Tour aimed to educate locals about rare plants

By Katie Demeria

Three rare Virginia plants are found exclusively within the marshes of Abram’s Creek Wetlands Preserve in Winchester. But their habitat may be shrinking.

The city was planning to start a marsh restoration project in 2007, according to Director of Parks and Recreation Jennifer Jones, but funds were low at the time.

Now the city is starting the effort again.

The Parks and Recreation Department will host a tour of the wetland preserve Thursday evening, led by Shenandoah University Professor of Environmental Education Woodward Bousquet, according to a department news release.

Jones said the tour is meant to educate neighbors, whose homes oftentimes sit right next to the preserve, allowing them to ask questions.

“We do this every five years,” Jones said. “We have neighbors come and go, and this is meant to educate them on the importance of the wetlands and what actually makes the wetlands of Abrams Creek very special.”

According to Jones, the preserve is an extremely rare habitat, sporting 20 plants that are listed on the Virginia rare plants list. Three of those — the hooded skull cap, willow leaf asters and Awned Sedge — are found only in Winchester in the commonwealth.

Sometimes neighbors and residents have questions about wetlands encroaching on developed areas, or developed areas encroaching on wetlands, Jones added. The tour is meant to open the line of communication and answer those questions.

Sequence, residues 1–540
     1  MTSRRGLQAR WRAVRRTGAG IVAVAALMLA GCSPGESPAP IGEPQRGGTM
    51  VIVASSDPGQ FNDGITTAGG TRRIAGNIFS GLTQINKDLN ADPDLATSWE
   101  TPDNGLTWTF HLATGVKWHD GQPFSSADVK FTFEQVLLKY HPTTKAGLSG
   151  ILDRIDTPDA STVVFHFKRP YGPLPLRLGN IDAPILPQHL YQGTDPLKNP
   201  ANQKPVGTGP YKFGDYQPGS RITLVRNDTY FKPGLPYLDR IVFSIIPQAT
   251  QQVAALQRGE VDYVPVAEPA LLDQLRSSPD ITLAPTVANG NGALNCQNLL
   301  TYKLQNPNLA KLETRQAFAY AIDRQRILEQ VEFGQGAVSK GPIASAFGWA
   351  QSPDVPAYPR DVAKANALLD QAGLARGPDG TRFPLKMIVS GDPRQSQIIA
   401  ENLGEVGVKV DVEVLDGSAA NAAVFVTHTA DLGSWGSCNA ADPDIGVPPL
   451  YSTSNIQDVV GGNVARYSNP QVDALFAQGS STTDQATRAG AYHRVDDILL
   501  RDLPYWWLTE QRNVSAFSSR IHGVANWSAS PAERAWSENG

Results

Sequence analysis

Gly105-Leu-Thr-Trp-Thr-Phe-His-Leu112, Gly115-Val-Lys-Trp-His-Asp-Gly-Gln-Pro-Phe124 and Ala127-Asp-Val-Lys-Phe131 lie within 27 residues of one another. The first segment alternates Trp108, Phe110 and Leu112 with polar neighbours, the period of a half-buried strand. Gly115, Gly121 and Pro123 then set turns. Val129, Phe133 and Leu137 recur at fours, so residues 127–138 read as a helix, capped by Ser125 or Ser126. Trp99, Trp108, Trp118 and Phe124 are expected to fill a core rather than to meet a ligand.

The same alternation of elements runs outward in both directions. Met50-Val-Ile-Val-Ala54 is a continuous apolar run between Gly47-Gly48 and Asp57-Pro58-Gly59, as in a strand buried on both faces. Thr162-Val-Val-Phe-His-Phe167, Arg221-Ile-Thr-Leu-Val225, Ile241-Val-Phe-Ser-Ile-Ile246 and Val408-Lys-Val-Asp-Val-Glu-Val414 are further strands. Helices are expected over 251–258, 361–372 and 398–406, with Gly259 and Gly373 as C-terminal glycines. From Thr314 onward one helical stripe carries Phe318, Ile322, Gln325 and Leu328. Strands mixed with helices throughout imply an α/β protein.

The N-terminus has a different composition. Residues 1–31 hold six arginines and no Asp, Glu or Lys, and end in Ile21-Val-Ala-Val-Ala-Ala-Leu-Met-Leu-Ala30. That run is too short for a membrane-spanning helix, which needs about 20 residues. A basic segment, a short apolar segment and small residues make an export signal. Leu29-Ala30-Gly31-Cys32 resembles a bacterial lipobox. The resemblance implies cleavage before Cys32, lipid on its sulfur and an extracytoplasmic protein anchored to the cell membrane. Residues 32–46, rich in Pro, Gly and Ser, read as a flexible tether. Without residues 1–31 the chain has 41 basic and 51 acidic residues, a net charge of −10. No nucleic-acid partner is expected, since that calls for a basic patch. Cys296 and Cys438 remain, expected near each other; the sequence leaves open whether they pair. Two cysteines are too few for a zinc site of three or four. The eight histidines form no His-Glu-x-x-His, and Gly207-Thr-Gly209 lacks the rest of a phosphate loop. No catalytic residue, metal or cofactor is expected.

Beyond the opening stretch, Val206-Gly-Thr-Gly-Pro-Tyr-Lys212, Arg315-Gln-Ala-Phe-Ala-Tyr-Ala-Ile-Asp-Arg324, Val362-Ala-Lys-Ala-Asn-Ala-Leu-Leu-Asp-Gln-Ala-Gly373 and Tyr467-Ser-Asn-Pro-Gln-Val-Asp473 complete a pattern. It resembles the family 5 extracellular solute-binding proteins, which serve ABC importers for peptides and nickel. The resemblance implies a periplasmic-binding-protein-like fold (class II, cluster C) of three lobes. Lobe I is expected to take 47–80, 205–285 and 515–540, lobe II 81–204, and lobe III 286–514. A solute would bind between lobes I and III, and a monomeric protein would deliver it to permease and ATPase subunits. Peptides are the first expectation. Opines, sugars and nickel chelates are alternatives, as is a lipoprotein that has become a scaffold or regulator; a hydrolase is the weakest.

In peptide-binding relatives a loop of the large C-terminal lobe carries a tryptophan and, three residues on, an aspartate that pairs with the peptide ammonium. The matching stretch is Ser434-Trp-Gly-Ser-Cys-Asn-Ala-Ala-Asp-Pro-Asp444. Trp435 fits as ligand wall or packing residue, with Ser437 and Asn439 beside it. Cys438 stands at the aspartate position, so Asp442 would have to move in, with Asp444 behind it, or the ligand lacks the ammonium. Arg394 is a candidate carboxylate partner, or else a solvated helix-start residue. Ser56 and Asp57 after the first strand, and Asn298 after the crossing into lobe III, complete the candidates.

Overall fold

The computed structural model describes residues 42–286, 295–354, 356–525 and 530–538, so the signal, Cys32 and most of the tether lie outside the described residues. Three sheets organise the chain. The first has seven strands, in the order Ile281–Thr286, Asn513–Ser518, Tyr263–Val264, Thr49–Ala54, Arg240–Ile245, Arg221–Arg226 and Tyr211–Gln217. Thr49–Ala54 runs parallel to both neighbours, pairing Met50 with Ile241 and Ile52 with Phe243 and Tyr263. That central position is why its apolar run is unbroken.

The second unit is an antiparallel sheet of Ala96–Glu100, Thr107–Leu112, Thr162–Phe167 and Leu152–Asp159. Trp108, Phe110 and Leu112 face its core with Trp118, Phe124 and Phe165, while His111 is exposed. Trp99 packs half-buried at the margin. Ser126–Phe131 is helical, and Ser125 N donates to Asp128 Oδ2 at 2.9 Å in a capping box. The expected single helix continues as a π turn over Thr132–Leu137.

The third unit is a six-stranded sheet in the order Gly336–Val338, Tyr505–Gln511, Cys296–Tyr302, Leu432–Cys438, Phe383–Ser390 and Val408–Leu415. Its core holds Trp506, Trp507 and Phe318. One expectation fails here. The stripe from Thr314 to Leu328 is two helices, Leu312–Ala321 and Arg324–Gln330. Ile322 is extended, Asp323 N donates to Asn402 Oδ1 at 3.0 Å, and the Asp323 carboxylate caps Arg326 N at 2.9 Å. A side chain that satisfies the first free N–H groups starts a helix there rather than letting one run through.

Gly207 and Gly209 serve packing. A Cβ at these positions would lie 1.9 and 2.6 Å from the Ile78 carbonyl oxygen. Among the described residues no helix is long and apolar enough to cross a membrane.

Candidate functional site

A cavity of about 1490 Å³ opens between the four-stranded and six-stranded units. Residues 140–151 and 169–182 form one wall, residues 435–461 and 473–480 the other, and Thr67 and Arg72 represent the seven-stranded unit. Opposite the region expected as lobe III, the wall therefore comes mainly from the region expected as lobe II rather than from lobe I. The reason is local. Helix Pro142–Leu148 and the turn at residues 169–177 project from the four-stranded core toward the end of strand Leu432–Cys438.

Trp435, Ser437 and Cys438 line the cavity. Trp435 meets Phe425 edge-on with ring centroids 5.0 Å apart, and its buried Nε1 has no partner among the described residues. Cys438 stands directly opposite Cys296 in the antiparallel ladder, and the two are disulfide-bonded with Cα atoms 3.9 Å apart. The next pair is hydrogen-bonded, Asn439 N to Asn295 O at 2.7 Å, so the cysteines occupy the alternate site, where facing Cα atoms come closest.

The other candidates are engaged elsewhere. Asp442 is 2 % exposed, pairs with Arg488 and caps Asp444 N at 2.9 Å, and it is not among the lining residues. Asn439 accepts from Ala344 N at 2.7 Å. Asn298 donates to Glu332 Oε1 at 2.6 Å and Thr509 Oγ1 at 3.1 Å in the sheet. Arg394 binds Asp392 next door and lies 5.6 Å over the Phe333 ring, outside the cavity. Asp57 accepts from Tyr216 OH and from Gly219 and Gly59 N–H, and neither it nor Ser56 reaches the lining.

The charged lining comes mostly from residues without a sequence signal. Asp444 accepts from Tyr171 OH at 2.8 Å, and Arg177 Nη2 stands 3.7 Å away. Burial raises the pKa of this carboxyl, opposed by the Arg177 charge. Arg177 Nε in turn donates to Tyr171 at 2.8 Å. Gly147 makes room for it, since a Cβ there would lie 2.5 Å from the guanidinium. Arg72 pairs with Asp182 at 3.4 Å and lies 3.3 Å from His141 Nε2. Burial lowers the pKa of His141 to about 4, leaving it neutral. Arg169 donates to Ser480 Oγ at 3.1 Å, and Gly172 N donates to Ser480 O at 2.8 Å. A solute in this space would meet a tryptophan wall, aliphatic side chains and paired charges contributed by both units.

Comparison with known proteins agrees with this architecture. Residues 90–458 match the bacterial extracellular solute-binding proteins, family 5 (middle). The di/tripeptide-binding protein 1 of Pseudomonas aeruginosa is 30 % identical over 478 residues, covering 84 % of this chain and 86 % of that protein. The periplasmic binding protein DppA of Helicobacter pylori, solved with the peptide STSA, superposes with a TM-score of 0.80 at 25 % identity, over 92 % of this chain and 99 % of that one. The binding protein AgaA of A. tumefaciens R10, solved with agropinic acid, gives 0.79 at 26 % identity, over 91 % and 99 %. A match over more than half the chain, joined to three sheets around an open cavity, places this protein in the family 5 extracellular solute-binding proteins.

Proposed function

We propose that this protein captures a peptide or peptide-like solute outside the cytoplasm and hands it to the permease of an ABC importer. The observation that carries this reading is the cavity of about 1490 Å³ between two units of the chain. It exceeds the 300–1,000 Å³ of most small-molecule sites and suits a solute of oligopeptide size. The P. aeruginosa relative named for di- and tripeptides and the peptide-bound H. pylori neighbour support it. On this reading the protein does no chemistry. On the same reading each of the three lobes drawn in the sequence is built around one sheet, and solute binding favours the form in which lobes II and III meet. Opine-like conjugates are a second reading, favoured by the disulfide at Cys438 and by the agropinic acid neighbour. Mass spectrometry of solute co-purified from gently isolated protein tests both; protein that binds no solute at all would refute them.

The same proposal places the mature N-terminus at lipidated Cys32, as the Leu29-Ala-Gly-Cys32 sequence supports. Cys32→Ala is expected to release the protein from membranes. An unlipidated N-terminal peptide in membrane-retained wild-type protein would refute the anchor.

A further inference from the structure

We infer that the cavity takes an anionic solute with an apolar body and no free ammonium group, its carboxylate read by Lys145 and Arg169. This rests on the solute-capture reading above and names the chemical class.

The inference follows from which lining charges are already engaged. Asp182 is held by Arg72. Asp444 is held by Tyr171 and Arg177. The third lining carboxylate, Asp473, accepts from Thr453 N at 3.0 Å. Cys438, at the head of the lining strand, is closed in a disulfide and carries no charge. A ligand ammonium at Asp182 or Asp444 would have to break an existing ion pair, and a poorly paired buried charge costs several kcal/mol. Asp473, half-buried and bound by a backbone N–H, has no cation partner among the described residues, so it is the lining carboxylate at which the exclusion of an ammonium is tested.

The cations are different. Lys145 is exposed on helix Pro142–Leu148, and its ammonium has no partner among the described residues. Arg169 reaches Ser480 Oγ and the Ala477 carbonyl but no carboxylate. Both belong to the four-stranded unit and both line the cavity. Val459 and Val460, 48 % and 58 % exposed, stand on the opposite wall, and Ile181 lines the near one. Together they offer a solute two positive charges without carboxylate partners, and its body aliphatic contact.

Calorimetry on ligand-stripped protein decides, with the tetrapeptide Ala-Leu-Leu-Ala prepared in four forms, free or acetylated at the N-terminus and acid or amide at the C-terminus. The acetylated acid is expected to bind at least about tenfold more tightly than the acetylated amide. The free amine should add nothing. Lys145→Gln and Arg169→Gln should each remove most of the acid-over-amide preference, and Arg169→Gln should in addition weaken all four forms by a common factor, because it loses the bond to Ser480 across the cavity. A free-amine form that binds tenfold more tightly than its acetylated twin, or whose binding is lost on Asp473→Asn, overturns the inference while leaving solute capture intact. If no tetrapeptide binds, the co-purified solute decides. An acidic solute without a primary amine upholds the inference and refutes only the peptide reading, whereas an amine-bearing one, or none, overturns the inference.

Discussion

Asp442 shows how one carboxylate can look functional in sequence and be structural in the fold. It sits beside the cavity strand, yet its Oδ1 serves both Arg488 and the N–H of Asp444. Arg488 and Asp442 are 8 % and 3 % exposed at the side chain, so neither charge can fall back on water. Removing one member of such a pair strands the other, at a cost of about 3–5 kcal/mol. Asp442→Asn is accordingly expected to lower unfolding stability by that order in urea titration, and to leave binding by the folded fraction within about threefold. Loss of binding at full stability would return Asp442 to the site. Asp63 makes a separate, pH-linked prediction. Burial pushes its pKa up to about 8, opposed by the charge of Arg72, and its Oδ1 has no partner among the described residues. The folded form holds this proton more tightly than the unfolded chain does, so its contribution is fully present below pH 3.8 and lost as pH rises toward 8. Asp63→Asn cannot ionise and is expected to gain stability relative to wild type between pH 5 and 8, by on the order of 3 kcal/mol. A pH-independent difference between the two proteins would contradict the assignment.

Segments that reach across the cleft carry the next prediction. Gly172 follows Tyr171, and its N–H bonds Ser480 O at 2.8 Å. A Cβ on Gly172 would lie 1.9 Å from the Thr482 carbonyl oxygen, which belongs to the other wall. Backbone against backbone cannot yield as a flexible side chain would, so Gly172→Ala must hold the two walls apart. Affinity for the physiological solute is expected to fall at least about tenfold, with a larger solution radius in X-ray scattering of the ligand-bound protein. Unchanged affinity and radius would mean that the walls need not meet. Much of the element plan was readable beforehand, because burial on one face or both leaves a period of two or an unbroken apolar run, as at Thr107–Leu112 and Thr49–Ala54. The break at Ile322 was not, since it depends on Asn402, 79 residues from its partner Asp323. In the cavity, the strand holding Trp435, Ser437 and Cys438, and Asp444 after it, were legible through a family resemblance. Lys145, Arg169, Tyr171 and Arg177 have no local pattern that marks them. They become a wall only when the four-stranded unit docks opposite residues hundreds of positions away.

She said the department is currently concerned about trees that are moving into the marsh area.

The 25-acre preserve has two different sections: marsh and swamp. The marsh consists of mostly grasses, while the swamp supports trees and is largely shaded.

The problem, Jones said, is that the trees are starting to enter the marsh area.

“The three that are found only in the city of Winchester in Virginia, they have to have marshland, they have to have direct sunlight,” she said.

Right now, the swamps are starting to overtake the marsh area, which is “bad news for our rare plants,” Jones said.

Now the department is trying to pull together another marsh restoration project to “protect that very unique habitat.”

The project is still dependent on available funds, she said. The department is currently trying to get a quote, marking the trees that need to be removed.

The tour is part of an effort to raise awareness for the project and the need to protect those marshes, Jones said.

There is even the potential to market the area and bring more tourists into Winchester to see the preserve. But, Jones added, the key to that plan is not losing the habitat to begin with.

“This is a really unique treasure that we have in Winchester that really no other city in Virginia has,” she said.

The tour will take place at 6 p.m. Those interested should meet at the trail head and information kiosk at the intersection of Jubal Early Drive and Handley Avenue.

Contact staff writer Katie Demeria at 540-465-5137 ext. 155, or kdemeria@nvdaily.com